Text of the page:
Speaker Nancy Pelosi (D-Calif.) and Senate Majority Leader Harry Reid (D-Nev.) are urging Treasury Secretary Henry Paulson to use his authority under the $700 billion Wall Street bailout package to help beleagured U.S. automakers.
General Motors, the largest of the Big Three auto companies, reported this week that it faces a dangerous cash crunch and could run out of money next year. With sales slumping, the auto industry and its allies in Congress are calling for as much as $50 billion in new government loans to help the struggling companies, on top of $25 bilion already approved.
In their letter to Paulson today, Pelosi and Reid asked him to review whether the Big Three — GM, Ford and Chrysler — could qualify for federal help under the $700 billion Wall Street bailout package.
"We are writing to request that you review the feasibility of invoking the authority Congress provided you under the Emergency Economic Stabilization Act of 2008 (EESA) for the purpose of providing temporary assistance to the automobile industry during the current financial crisis," Pelosi and Reid wrote.
"Under EESA, Congress granted you broad discretion to purchase, or make commitments to purchase, financial instruments you determine necessary to restore financial market stability. A healthy automobile manufacturing sector is essential to the restoration of financial market stability, the overall health of our economy, and the livelihood of the automobile sector's workforce."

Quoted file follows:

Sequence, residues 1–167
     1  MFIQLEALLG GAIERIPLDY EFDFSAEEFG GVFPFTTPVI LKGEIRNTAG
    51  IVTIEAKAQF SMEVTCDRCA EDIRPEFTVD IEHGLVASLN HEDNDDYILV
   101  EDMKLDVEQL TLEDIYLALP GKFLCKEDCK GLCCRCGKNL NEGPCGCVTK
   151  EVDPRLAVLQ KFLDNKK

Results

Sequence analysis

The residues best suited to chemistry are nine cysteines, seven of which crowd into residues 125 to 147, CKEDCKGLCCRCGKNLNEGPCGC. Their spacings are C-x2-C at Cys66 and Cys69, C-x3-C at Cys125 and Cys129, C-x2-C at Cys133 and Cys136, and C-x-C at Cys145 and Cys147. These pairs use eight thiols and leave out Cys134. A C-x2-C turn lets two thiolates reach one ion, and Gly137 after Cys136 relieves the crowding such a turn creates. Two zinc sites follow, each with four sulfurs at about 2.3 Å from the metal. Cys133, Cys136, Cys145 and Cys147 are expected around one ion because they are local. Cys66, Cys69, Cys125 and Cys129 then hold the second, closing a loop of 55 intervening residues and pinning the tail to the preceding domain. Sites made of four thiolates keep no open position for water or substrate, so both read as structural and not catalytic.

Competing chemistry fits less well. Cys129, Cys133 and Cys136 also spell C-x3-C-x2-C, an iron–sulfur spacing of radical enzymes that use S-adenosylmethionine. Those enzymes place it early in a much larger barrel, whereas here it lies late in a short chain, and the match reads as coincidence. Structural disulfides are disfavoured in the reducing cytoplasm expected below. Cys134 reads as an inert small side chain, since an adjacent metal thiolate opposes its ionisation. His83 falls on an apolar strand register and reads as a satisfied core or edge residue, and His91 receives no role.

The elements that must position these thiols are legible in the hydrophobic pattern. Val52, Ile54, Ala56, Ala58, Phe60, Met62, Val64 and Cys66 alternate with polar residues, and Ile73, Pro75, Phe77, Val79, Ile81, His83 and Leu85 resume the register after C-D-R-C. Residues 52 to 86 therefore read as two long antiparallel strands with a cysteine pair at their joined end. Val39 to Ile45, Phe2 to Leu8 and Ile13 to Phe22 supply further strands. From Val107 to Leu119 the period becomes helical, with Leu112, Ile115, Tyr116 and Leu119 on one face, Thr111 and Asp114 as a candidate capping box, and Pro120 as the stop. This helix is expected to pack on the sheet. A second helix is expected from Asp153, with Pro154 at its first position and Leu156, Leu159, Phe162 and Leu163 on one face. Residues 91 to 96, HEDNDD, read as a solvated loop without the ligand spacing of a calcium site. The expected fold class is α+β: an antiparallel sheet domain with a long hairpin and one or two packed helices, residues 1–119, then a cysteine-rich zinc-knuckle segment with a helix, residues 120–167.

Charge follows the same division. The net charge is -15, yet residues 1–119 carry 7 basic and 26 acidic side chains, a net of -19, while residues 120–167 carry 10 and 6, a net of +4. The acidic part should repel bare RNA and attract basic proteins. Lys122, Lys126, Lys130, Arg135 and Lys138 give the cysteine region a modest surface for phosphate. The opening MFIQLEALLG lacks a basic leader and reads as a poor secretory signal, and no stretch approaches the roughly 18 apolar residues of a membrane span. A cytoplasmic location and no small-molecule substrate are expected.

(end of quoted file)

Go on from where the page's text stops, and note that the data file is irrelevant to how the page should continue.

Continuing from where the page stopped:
Pelosi and Reid met with top auto industry executives on Thursday, and they told Paulson that they "left the meetings convinced that our nation's automobile industry — the heart of our manufacturing sector — and the jobs of tens of thousands of American workers are at risk."
The Treasury Department had no immediate comment on the Pelosi-Reid request.
President-elect Barack Obama told reporters on Friday, during his first press conference since winning the presidential race, that he was very concerned about the financial outlook for the auto industry as well. Obama said that he had "made it a high priority for my transition team to work on additional policy options to help the auto industry adjust, weather the financial crisis and succeed in producing fuel-efficient cars here in the United States. I have asked my team to explore what we can do under current law and whether additional legislation will be needed for this purpose."